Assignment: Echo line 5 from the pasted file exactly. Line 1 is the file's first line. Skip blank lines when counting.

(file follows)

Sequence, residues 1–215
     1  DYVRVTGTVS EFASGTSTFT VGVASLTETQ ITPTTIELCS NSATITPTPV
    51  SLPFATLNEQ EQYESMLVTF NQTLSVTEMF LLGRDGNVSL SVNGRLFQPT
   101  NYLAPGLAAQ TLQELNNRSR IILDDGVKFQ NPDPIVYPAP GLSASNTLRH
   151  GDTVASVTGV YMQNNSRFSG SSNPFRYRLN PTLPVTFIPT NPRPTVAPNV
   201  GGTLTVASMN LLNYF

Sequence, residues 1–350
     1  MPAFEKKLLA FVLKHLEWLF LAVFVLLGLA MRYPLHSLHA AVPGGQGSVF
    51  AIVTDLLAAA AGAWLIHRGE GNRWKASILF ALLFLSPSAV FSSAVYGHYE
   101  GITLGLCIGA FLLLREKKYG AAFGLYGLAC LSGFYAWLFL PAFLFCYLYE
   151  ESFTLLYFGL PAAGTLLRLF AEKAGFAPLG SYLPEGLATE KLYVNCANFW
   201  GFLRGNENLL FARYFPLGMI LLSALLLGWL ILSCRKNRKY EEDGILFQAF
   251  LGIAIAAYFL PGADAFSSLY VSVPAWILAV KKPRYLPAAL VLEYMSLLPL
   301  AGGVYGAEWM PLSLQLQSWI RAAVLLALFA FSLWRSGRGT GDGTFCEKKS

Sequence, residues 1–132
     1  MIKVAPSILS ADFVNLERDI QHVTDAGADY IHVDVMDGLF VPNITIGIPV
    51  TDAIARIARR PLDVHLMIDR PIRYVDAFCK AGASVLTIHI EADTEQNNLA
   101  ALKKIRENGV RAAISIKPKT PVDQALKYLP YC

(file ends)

   151  GDTVASVTGV YMQNNSRFSG SSNPFRYRLN PTLPVTFIPT NPRPTVAPNV